Content » Vol 98, Issue 8

Short communication

Characteristics of Chronic Itch in Systemic Sclerosis: A Cross-sectional Survey

Carolyn M. Stull1, Leslie A. Weaver2, Rodrigo Valdes-Rodriguez3, Srikanth Naramala4, Michael J. Lavery5, Yiong-Huak Chan6, Fabian A. Mendoza4 and Gil Yosipovitch7*

1Department of Dermatology, Rush University, Chicago, 2Lewis Katz School of Medicine, 3Department of Dermatology, Temple University, Philadelphia, 4Department of Medicine, Division of Rheumatology, Thomas Jefferson University, Philadelphia, USA, 5Department of Dermatology, Royal Liverpool and Broadgreen University Hospitals NHS Trust, Liverpool, UK, 6Biostatistics Unit, Yong Loo Lin School of Medicine, National University of Singapore, Singapore, Singapore, and 7Department of Dermatology and Itch Center, University of Miami Miller School of Medicine, 1600 NW 10th Ave, Rosenstiel Medical Science Bldg., Miami, FL 33136, USA. *E-mail:

Accepted May 4, 2018; Epub ahead of print May 8, 2018


Chronic itch (present for ≥ 6 weeks) is a common symptom in the systemic sclerosis (SSc) population with a reported prevalence of 42.6 % (1). Previous studies have demonstrated that chronic itch is associated with decreased quality of life and sleep in SSc patients (2, 3). However, little is known about the characteristics and pathogenesis of itch in the context of this disease.


To further elucidate features of itch in SSc patients, we conducted a cross-sectional survey. The protocol for this study was approved by the Institutional Review Board at Thomas Jefferson University. Patients presenting to the rheumatology clinic with an established diagnosis of SSc were asked if they experienced itch for ≥ 6 weeks. Those who responded affirmatively completed two validated questionnaires: The Itch Questionnaire and the itch-specific quality of life (ItchyQoL) (4, 5). Itch intensity was quantified using a numeric rating scale (NRS) (range 0–10). Skin involvement was assessed using the modified Rodnan skin score (mRSS) (range 0–51), and affected body surface area (BSA).

All analyses were performed using SPSS 24.0 with statistical significance set at p < 0.05. The differences in numerical parameters between the chronic itch and without chronic itch groups were compared using t-tests when normality and homogeneity assumptions were satisfied, otherwise Mann Whitney U tests were used. Chi-square or Fisher’s Exact tests were used to compare categorical variables between the 2 groups.


Chronic itch was present in 34 (56.7%) of 60 patients. Demographic and clinical features of our sample are presented in Table I. Characteristics of itch are presented in Table II. Chronic itch was significantly associated with xerosis (p = 0.025). The most common locations for pruritus were the back (n = 21), arms (n = 17) and scalp (n = 16). Itch was described as prickling (n = 13), painful (n = 11), burning (n = 9), and stinging (n=8). Itch was not significantly associated with the presence of autoantibodies including anti-nuclear antibodies (ANA), anti-double stranded DNA antibodies (dsDNA), anti-topoisomerase I antibodies (Scl-70), anti-centromere antibodies, anti-RNA polymerase III antibodies, and anti-U3 RNP. In addition, there were no significant relationships between itch and systemic manifestations of SSc, including interstitial lung disease, pulmonary hypertension, renal involvement, gastrointestinal involvement, or joint pain. Furthermore, there were no significant associations between itch and the use of immunosuppressive therapies including mycophenolate mofetil, methotrexate, prednisone and rituximab. The mean ItchyQoL score was 43.4 ± 15.7 out of 110. The severity of itch was correlated with affect on sleep (r = 0.424, p = 0.013), and difficulty concentrating (r = 0.362, p = 0.035).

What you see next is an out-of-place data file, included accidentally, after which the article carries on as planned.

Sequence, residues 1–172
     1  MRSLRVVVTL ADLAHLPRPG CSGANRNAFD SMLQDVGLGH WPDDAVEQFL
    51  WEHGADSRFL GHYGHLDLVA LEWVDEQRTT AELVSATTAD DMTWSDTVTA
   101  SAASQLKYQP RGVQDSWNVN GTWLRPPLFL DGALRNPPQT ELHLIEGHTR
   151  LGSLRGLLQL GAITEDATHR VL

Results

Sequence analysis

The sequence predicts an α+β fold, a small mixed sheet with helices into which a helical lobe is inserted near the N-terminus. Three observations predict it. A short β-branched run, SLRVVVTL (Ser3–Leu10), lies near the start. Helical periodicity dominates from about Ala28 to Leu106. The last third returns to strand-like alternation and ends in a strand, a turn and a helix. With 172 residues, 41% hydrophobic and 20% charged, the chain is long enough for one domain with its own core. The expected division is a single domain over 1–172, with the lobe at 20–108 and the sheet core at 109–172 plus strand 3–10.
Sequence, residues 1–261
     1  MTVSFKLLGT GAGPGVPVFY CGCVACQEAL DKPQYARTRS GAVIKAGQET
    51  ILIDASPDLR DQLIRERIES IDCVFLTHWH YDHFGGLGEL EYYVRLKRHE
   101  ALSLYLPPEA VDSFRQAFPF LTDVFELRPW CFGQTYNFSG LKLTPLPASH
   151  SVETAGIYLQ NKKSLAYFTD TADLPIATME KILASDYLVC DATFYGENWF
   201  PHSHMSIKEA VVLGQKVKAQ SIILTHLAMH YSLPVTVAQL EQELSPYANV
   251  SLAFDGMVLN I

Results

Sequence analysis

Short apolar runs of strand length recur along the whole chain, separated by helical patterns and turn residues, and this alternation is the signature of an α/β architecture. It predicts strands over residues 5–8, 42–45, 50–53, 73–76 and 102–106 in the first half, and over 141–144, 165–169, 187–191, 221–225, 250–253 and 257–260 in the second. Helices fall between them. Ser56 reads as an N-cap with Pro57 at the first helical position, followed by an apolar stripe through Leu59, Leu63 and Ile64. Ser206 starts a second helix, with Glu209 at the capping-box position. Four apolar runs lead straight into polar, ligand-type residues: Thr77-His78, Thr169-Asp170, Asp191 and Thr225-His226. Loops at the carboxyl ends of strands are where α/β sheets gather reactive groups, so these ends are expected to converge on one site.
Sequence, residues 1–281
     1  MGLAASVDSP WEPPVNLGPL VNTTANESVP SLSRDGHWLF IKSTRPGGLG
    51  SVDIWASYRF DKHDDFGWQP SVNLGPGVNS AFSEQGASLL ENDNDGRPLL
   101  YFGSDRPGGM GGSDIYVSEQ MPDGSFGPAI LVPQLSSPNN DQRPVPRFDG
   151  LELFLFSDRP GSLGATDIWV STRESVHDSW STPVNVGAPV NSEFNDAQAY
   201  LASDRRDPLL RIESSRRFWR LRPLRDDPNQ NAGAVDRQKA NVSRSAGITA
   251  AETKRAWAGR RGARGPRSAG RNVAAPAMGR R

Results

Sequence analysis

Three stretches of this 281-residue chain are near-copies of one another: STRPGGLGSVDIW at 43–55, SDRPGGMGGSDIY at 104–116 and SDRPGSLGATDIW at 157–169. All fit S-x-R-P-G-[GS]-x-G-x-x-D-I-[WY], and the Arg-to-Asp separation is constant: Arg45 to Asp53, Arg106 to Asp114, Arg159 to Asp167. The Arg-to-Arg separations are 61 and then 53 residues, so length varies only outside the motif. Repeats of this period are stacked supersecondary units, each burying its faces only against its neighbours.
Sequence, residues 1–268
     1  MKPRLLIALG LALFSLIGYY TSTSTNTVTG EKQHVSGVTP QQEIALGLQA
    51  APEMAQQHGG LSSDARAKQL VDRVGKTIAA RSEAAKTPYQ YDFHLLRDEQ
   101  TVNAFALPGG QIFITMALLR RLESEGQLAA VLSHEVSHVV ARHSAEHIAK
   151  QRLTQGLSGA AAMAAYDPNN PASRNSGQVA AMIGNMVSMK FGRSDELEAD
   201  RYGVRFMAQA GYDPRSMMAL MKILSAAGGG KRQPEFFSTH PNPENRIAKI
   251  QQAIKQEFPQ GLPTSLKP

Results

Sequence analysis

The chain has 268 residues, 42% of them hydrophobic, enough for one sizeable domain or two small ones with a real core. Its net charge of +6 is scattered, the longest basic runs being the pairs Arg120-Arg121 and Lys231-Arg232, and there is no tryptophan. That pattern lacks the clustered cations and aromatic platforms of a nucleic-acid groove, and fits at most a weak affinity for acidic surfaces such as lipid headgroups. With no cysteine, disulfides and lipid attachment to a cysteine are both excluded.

Table I. Demographic and clinical characteristics

Table II. Chronic itch characteristics


Our findings suggest that xerosis may be a prominent cause of itch in SSc patients. Itch was most severe during the winter and most commonly exacerbated by dry skin, lending further support to this observation. However, the etiology of itch in these patients is likely to be multifactorial. Interestingly, the body areas most affected by itch were the back, scalp and arms. Similar findings regarding the distribution of itch were also reported in a French SSc population (2). This distribution suggests that there could be an underlying neuropathic mechanism of itch in SSc patients. Indeed, a prior study using quantitative sensory testing revealed the presence of peripheral sensory neuropathy in SSc patients, which may contribute to pruritus (6).

Notably, there was a lack of association between itch and duration of disease. However, the patients who comprised our cohort were considered to have stable disease, and it is possible that outcomes may differ in those with rapidly progressive SSc.

Our findings raise interesting questions regarding the treatment of itch in SSc patients. Immunosuppressive agents including methotrexate and mycophenolate mofetil have demonstrated antipruritic effects in several inflammatory diseases (7). However, itch was present in many of our subjects receiving these therapies. It would be of interest to assess whether neuroactive medications such as gabapentin or pregabalin, which are commonly used to treat neuropathic itch, would provide greater relief to these patients (7).

Conflicts of interest: Drs Stull, Weaver, Valdes-Rodriguez, Naramala, Chan and Mendoza have no conflicts of interest to disclose. Dr. Yosipovitch serves as a consultant for Trevi, Menlo, Sienna, OPKO, Galderma, Sanofi, Eli Lilly, Novartis and Pfizer, and receives grant support from Sun pharma and Pfizer.

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